Arizona seeks waiver to cut 280K from Medicaid rolls

Confronting a $1.1 billion budget shortfall, the Arizona Legislature has given the go-ahead to apply for a federal waiver to drop 280,000 residents from the Medicaid rolls, reports Healthcare Finance News.

If approved, the waiver would save Arizona about $540 million per year, but would also drastically reduce the Grand Canyon State's opportunity to receive federal matching funds.

Altogether, the waiver proposal would reduce Arizona's Medicaid rolls by about 20 percent. Those dropped would include all non-pregnant and non-disabled childless adults, along with all parents whose incomes exceeded 50 percent of the federal poverty level, notes the Associated Press. Under the 2010 guidelines, the cutoff would be a household income of $9,150 for a family of three.

Lawmakers contend that such cuts would only put the state's smallest and most remote hospitals at risk of losing funds.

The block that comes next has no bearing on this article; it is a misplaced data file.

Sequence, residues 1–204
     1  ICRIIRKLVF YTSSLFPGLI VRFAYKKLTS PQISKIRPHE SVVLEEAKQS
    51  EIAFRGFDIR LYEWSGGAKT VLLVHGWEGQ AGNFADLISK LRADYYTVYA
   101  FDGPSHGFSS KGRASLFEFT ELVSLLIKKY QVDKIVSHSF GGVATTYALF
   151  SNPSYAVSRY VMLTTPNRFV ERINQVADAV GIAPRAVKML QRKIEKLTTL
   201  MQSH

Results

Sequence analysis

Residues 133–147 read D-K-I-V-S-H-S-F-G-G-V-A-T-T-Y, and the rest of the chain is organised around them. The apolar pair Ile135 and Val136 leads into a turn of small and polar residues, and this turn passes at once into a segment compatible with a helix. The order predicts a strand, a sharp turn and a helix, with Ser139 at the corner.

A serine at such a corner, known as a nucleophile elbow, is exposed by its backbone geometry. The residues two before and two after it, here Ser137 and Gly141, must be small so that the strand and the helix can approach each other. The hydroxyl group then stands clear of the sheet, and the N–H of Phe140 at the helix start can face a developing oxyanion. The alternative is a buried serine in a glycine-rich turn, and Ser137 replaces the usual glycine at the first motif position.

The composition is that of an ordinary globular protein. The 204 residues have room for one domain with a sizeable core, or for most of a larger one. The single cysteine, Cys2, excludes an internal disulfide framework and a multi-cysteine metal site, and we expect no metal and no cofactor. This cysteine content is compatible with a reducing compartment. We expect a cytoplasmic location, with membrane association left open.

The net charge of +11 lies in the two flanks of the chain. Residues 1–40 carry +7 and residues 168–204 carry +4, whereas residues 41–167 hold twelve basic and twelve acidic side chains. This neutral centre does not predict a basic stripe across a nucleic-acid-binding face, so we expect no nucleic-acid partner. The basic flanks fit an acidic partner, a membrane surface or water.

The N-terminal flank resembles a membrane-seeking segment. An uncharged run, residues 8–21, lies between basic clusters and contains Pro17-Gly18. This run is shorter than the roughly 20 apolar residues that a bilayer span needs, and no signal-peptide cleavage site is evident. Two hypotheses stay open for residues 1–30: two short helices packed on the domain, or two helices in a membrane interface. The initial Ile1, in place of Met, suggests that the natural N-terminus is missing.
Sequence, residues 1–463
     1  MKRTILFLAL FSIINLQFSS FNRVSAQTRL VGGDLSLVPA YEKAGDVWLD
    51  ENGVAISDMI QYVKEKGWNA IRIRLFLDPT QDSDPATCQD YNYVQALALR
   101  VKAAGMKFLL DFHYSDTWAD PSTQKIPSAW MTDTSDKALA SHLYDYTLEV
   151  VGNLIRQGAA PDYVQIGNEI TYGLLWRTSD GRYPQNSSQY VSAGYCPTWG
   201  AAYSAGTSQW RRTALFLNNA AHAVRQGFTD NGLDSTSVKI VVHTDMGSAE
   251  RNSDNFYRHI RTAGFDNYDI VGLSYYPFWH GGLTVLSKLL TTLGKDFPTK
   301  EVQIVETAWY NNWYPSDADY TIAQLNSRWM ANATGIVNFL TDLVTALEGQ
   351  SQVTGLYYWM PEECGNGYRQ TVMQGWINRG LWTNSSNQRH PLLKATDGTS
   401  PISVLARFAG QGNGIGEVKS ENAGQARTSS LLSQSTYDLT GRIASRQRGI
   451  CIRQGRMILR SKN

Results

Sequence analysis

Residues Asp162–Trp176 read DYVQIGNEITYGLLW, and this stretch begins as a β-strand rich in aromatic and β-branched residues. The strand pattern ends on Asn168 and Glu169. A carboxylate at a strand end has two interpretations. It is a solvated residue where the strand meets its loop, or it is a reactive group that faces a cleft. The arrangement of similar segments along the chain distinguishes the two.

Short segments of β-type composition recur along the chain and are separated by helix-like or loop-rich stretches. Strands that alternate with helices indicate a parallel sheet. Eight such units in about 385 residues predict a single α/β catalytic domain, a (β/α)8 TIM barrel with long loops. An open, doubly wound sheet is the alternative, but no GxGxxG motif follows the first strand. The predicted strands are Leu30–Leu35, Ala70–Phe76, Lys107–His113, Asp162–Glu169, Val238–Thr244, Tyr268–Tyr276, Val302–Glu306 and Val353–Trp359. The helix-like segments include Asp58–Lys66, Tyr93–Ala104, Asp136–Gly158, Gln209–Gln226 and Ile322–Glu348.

"It's time for some accountability here at the state capitol and a good government, a government that is transparent and a responsive, efficient government," said Rep. Lynne Pancrazi, D-Yuma. "This waiver only puts our rural hospitals at risk in an area where we barely have enough doctors and floods our emergency rooms with the uninsured."

Should the waiver be approved, Arizona would lose about $1 billion in federal matching funds.

For more:
- read the Healthcare Finance News article
- check out the Associated Press article
- read the CMS poverty guidelines

Suggested Articles

A new study takes a look at how the U.S. stacks up to other developed countries on healthcare and social spending.

Healthcare costs for families with employer coverage have risen twice as fast as wagesover the past decade, according to a new report. 

Hospitals must pursue a deliberate strategy for managing their public image—and a powerful tool for doing so is inpatient clinical data registries.